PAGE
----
For most GT students, the earlier the acceleration; the easier it is to minimize knowledge gaps. Most students being considered for acceleration are generally identified as to having above-grade level abilities. For older GT students, knowledge gaps can be addressed by such avenues as summer school, tutoring, online classes, the use of mentors, or independent study.

Parents who want to support the acceleration process need to keep open lines of communication with school administrators and those teachers who will be directly involved with their child’s program. They should take the time to talk to their GT child about all the facets of acceleration as well as other family members who may be affected by the child’s acceleration. It’s always better to work through the issues beforehand. A transcript of this chat may be found at Wakelet.

Global #gtchat Powered by the Texas Association for the Gifted and Talented  is a weekly chat on Twitter. Join us Thursdays at 8E/7C/6M/5P in the U.S. and Fridays at Noon NZST/10 AM AEST/1 AM UK  to discuss current topics in the gifted community and meet experts in the field. Transcripts of our weekly chats can be found at Wakelet. Our Facebook Page provides information on the chat and news and information regarding the gifted community. Also, checkout our Pinterest Page and Playlist on YouTube.

 Lisa Conrad About the authorLisa Conrad is the Moderator of Global #gtchat Powered by TAGT and Social Media Manager of the Global #gtchat Community. She is a longtime  advocate for gifted children and also blogs at  Gifted Parenting Support. Lisa can be contacted at: gtchatmod@gmail.com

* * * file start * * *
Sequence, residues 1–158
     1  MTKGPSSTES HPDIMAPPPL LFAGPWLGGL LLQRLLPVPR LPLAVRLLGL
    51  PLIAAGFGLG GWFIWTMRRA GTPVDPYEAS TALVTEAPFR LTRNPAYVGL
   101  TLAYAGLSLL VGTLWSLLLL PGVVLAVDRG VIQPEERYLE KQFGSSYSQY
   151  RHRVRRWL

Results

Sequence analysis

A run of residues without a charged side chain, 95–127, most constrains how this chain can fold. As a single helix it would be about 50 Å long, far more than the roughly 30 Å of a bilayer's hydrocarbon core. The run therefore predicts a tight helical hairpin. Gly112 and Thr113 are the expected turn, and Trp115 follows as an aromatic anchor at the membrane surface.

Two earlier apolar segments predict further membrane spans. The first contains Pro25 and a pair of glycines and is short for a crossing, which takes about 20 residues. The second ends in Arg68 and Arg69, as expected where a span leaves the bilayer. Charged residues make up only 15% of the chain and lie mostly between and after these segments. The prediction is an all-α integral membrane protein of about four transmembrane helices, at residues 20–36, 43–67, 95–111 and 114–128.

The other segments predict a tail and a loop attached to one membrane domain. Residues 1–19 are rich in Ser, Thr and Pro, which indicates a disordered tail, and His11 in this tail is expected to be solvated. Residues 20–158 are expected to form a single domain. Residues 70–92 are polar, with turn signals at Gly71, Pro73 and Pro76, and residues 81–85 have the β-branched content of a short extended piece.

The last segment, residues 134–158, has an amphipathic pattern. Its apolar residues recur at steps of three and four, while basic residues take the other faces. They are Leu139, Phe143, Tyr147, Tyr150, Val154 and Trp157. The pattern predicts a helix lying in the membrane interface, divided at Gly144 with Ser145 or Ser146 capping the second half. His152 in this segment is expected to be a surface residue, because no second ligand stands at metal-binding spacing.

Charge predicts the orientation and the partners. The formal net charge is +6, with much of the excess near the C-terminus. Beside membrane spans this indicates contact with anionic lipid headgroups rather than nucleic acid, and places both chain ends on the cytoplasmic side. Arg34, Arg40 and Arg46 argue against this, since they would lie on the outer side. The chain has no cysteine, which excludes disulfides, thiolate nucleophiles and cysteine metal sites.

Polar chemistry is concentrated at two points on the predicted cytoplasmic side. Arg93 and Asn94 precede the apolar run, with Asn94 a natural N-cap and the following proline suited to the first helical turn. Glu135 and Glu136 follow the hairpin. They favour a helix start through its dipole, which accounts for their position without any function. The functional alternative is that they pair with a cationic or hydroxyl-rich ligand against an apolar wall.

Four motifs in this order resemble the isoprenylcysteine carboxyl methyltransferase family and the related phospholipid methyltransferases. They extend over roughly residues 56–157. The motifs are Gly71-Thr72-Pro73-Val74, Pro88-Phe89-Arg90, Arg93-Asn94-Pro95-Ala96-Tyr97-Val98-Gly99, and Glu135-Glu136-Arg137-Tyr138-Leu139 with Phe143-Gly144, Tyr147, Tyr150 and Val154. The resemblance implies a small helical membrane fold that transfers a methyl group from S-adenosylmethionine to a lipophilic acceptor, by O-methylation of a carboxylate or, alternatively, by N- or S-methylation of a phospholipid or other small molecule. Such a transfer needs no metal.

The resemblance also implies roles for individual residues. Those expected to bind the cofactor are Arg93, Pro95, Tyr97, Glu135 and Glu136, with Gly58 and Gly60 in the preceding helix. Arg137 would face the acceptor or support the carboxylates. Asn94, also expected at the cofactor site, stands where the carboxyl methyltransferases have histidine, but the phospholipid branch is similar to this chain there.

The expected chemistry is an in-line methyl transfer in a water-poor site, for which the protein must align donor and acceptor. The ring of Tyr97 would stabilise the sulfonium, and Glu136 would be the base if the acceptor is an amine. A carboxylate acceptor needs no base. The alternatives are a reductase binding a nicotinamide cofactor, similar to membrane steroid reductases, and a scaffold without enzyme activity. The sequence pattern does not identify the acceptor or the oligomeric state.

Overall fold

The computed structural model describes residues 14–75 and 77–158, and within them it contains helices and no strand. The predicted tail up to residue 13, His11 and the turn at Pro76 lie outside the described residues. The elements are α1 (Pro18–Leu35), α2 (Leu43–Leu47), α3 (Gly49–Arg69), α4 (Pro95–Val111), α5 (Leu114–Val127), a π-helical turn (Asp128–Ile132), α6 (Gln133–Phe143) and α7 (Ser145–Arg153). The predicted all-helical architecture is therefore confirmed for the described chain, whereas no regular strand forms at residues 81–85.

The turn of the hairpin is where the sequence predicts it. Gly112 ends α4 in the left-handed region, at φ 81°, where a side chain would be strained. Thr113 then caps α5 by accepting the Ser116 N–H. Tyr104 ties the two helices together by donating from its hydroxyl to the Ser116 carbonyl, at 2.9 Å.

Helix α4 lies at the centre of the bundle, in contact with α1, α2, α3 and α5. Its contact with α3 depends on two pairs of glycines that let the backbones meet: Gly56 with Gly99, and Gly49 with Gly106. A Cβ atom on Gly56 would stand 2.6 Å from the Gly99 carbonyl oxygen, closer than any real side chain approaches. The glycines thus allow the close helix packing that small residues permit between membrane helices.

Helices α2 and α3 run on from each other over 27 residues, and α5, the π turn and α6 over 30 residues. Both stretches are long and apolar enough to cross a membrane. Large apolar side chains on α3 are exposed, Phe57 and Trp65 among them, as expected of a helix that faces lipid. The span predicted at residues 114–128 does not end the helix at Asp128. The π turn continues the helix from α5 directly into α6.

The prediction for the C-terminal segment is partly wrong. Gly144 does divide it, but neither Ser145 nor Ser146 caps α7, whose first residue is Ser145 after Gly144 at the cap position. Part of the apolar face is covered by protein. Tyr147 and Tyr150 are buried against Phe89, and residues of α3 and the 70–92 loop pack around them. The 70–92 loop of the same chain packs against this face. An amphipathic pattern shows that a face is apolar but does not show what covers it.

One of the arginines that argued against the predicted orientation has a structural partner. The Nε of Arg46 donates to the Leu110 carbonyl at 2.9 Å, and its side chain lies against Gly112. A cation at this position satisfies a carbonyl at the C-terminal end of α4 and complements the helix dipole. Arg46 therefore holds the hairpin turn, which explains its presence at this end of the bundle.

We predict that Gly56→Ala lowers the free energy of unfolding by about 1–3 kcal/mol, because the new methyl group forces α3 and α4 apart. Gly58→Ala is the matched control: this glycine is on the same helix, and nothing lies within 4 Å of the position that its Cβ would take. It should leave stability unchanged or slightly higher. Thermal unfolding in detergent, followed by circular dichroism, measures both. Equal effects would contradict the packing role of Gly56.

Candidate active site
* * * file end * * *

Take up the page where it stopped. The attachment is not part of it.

Resources:

Developing Academic Acceleration Policies: Whole Grade, Early Entrance & Single Subject (pdf)

Dual Enrollment: Participation and Characteristics (pdf 2019)

Understanding Acceleration Implementing Research-Based Practices for GATE (pdf)

Life in the Fast Lane: Effects of Early Grade Acceleration on High School and College Outcomes

Subject Acceleration: Who, What, How?

Developing Academic Acceleration Policies: Whole Grade, Early Entrance & Single Subject

Mathematically Gifted Accelerated Students Participating in an Ability Group: A Qualitative Interview Study

Acceleration or Enrichment? Which one is better for gifted kids?

A Nation Empowered Vols. 1 & 2 (Free Download)

What One Hundred Years of Research Says About Ability Grouping and Acceleration for Students K-12

Why is Academic Acceleration (Still) So Controversial?

Why Am I an Advocate for Academic Acceleration?

Possible Economic Benefits of Full-Grade Acceleration

Academic Acceleration: Is It Right for My Child?

NAGC TIP Sheet: Acceleration (pdf)

LesLinks: Acceleration (LiveBinders)

Cybraryman’s Acceleration Page

Sprite’s Site: Columbus Cheetah, Myth Buster – Myth 6

Sprite’s Site: Belonging – A Place of Sanctuary

Acceleration Institute

Hoagies: Academic Acceleration

Duke TIP: Academic Acceleration and Ability Grouping Work

Davidson Young Scholars – How We Can Help

College Versus Kindergarten and Radical Acceleration

Image courtesy of Flickr   CC BY-NC-ND 2.0

Graphic courtesy of Lisa Conrad